Friday, October 25, 2013

I Wish I'd Spent More Time at Work

I had a rough morning.

It started with the system update glitch that prevented my phone from waking me at 5 with "All Blues," my preferred wake-up music. (Try it sometime; it's a soothing, swinging way to ease into consciousness.) At 5:43 I opened my eyes, realized what had happened, and sprang into action, throwing together my lunch and a quick pot of coffee, then rushing out the door to pick up a couple of donuts at the QFC. I actually got to school a little early, but it was hard to shake that breathless sense of encroaching tardiness. And my foot was already hurting.

That's right, my wounded little toe wanted nothing so much as to be elevated with an ice pack. Instead, I spent almost the entire day on it, moving about the gym where I teach, leading students in an especially vigorous jazz dance to "Sing, Sing, Sing," and, in one case, futilely chasing kindergartners around the room. Sassy fifth graders, a fourth grade substitute teacher who obliviously started bringing her class in before I'd gotten said fifth graders out, and not one but two classes of hyperactive kinders rounded out my morning. By lunchtime, I was more than ready to call it a day--but it was only half over.

The afternoon more than made up for the morning. The choir was charming and enthusiastic, first graders laughed delightedly at both the dance and the story I told them, and both second and third graders loved every minute of the lesson. But all of it was intense, vigorous, taxing, and it was no easy feat making the 40-minute drive home without a nap.

I told Amy about my day, and she asked me, "Do you actually like this job?"

And with full candor, I replied, "I love it."

There's an old aphorism about work that I used to quote regularly: "No man on his death bed ever looked up into the eyes of his family and friends and said, I wish I'd spent more time at the office." And to the extent that this quote is about an office job, it could definitely have applied to me for most of my years in ministry, as well as the first two years of my education career. I could toss in my first year of band directing at Banks, as well, which was riddled with growing pains, and portions of the second--but that would be stretching it.

The truth of this matter is that I do love teaching music, and I really love doing it at Margaret Scott. Yes, I'm stuck in a gymnasium that is much too loud a space, and which tempts the more active children to chase each other and run havoc on my classroom management. Yes, I lack a full set of the instruments I really need to make this work. Yes, I can only present a half year's curriculum, because in January I move to a different school to do the same curriculum there. And yes, many of the classes are much too large, and populated with children who have extreme behavior issues.

But, but, but:

For many of these children, music is the highlight of their week. So many of them come from disadvantaged home lives, with parents who are drug dealers, sex workers, working poor, homeless. It shows in their behavior, in the way some of them react so violently if I raise my voice at all, in the ways they simply cannot control themselves as they dart around the room, call attention to themselves, distract everyone else in their classes. These children are well known throughout the school--"frequent fliers," we call them--and we're all working to make school the place that makes a difference for them, that keeps them from winding up in the justice system. Twice a week, I give them an experience that makes them smile, laugh, tell me on the way out that it was FUN today. When I hold up a pair of drum sticks, a tambourine, a hand drum, there's a chorus of "Me! Me! Me!"--even though I've made it clear I'll pick the quiet, patient children first to play instruments. They want badly to make music. I make a difference in their lives.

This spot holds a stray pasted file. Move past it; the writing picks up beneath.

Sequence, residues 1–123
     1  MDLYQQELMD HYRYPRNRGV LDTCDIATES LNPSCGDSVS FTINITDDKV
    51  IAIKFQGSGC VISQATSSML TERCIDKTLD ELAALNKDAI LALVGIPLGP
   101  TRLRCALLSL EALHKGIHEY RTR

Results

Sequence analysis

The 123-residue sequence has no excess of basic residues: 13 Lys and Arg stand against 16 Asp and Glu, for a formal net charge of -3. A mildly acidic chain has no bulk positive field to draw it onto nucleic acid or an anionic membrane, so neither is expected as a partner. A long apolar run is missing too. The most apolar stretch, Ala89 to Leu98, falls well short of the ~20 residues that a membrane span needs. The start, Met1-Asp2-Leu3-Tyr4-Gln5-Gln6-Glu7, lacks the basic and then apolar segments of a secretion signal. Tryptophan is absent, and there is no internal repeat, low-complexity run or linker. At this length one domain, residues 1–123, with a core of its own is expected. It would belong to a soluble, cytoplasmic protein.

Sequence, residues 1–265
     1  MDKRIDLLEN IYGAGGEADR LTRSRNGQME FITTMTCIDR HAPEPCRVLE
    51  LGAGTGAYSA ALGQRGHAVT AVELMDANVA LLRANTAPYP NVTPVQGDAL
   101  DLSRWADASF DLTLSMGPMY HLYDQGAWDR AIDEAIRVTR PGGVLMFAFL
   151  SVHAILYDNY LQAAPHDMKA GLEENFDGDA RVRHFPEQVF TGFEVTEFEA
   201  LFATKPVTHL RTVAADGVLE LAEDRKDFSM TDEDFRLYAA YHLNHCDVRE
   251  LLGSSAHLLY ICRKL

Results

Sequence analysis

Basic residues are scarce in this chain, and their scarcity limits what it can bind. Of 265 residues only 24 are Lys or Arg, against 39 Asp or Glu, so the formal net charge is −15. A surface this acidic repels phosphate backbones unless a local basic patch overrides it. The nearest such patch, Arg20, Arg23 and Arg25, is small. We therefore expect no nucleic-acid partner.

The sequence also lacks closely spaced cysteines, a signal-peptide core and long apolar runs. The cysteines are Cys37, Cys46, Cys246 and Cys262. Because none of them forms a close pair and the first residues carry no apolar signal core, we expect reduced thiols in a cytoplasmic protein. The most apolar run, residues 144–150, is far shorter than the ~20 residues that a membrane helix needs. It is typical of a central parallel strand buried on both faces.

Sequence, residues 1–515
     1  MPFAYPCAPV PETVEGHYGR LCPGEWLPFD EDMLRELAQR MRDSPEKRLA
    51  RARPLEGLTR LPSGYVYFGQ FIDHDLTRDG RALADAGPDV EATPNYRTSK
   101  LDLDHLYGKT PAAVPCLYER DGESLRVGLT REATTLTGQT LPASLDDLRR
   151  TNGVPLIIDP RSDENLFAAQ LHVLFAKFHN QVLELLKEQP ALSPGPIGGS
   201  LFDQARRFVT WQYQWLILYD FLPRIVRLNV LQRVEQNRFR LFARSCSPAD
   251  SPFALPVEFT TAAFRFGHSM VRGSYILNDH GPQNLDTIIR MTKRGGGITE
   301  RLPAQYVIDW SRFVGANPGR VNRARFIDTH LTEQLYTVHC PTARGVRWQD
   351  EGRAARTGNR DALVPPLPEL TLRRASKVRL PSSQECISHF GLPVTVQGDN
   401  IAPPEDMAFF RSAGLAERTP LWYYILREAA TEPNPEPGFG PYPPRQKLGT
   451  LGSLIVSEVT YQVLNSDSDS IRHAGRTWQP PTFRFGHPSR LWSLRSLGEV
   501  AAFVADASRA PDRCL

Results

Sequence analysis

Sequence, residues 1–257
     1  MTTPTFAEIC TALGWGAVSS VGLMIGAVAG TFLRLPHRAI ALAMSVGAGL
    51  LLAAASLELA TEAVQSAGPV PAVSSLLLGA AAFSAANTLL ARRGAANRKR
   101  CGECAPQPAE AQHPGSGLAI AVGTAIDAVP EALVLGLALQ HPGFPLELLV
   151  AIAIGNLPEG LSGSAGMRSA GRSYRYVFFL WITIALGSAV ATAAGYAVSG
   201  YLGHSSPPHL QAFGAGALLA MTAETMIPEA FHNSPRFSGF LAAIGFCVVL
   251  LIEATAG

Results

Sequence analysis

And then there are the "good" ones, the children who try futilely to shush the attention-demanders because they really do want to learn, and they understand that the more disruption there is, the less they'll get from the lesson. I don't know what kind of homes these kids come from, but they are the majority of my students, and they are a pleasure to teach.

Many days, I am treated like a hero by my students. They hug me as they arrive at school, grin when they come in for music class, laugh at my stories, wave excitedly at me like I'm a rock star when I pass through the cafeteria. I get more affirmation from a day here than I had in all the time I was in Banks.

It's hard work, no question. I'm lucky that my hours are so limited. I couldn't maintain this focus much longer than I do.

And as hard as it is, I love it. I do wish I'd spent more time doing it earlier in my life, that I hadn't so quickly given up on it in 1985 to plunge down the dead end rabbit hole of ministry. What I'm doing right now is the truest ministry I've ever had, and my biggest regret is that I've got less than two more decades to do it.

Don't get me wrong, I wish I had more time to spend with my loved ones. That's why I'm leaving my Sunday morning piano gig, and am not taking on anymore private students. There is a balance that must be struck.

But at the end of this day, as tired as I am, as sore as my injured foot is, I'm thrilled to be doing this work, and I want to keep doing it as long as I'm physically able.

Eat your heart out, office drones: I have the best job in the world. You should be so lucky.

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